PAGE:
On Wednesday it would begin sending requests to cease operations to gambling websites that use Steam’s trading system. “Using the OpenID API and making the same web calls as Steam users to run a gambling business is not allowed by our API nor our user agreements,” wrote Valve’s Erik Johnson.
The announcement was a surprise. Although scrutiny of CS:GO gambling peaked as it was that two of the world’s most popular gaming YouTubers had created a CS:GO skin gambling website and quietly promoted it to their audiences, some of these services have existed . Other than a in 2015 this was the first time that Valve has addressed them.
Valve’s announcement implied that Steam users should retrieve item skins from gambling websites, and some members of the community began to wonder: would Valve’s action trigger a crash of CS:GO’s skin market? Some Steam users own worth of CS:GO skins. How would their fortunes, and the inventory value of CS:GO’s other 10 million active players, be affected by this announcement?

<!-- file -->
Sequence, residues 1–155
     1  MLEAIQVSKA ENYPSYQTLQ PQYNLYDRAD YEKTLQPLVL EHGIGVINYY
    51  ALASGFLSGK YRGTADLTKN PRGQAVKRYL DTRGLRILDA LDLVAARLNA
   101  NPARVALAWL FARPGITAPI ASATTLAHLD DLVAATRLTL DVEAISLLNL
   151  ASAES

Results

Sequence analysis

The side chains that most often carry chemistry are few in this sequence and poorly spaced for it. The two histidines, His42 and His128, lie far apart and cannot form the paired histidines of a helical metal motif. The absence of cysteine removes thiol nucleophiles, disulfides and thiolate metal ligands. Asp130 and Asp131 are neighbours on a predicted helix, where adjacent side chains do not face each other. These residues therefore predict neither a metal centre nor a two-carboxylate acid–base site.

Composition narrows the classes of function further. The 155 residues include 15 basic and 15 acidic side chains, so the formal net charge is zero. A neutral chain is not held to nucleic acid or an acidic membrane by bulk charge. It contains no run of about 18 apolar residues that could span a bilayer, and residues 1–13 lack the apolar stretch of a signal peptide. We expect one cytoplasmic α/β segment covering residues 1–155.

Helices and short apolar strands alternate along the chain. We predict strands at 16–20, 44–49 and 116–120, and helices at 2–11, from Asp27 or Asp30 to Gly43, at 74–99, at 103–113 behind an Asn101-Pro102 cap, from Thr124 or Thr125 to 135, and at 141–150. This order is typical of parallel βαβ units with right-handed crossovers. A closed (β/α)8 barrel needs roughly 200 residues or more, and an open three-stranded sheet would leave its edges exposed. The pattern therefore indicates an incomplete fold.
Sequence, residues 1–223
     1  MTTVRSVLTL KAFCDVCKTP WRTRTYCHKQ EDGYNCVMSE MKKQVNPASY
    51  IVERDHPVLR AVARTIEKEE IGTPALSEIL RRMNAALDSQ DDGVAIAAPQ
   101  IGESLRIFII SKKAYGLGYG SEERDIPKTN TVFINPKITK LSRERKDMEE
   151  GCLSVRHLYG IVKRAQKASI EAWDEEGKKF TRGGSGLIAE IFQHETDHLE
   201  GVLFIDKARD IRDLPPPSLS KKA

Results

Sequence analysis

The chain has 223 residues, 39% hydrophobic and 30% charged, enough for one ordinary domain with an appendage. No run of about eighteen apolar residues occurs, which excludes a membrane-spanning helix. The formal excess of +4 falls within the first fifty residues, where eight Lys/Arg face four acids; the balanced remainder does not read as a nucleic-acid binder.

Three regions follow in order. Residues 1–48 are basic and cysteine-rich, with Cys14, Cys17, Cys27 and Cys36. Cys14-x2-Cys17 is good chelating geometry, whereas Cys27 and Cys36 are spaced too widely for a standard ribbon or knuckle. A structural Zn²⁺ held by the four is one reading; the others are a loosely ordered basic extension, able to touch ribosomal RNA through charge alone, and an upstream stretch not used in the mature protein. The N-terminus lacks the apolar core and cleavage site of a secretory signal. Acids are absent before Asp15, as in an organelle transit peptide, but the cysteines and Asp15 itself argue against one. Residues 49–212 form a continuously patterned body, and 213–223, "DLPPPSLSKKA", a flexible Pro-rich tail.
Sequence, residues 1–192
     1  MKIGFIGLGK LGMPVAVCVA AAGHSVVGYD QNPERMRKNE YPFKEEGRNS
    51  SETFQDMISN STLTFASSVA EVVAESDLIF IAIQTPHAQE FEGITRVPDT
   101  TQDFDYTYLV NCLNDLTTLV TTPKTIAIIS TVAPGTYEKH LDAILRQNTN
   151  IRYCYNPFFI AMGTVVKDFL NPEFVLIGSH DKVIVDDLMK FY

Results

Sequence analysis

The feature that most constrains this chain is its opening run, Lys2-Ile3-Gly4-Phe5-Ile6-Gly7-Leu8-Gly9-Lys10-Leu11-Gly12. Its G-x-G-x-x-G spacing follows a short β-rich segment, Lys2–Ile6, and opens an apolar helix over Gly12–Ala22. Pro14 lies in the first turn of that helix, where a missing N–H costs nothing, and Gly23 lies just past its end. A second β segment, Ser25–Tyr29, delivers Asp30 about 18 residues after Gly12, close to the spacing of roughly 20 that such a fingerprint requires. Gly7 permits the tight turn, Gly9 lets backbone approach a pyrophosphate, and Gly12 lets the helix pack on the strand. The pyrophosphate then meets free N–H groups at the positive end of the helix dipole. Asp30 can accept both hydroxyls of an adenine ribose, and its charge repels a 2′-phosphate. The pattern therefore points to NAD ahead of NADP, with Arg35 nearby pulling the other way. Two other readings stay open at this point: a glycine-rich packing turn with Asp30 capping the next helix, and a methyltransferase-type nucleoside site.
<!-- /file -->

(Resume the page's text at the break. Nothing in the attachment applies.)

Not much. Although there isn’t an index number that reflects the value of the CS:GO item market as a whole, sales data for individual weapons tend to show an initial reaction to the news, followed by normalization.
Valve’s announcement went out via email just before 1 PM Pacific on June 13. I sampled a set of 20 arbitrary, higher-volume skins on the market, and found that they fell an average of 13.7% that evening. A skin, for example, dropped from $21.75 to $18.56 12 hours after the announcement.
The drop in price seems reactionary, a reflection of some sellers’ fear that the market would implode. Although the correction was very uniform across the items I sampled, most items have not continued to drop in value, and many have risen back to their pre-announcement price. More adjustments can probably be expected as gambling websites close or alter how they operate, but my belief is that these items will retain most of their value as long as CS:GO remains one of the most-played and most-spectated games in the world.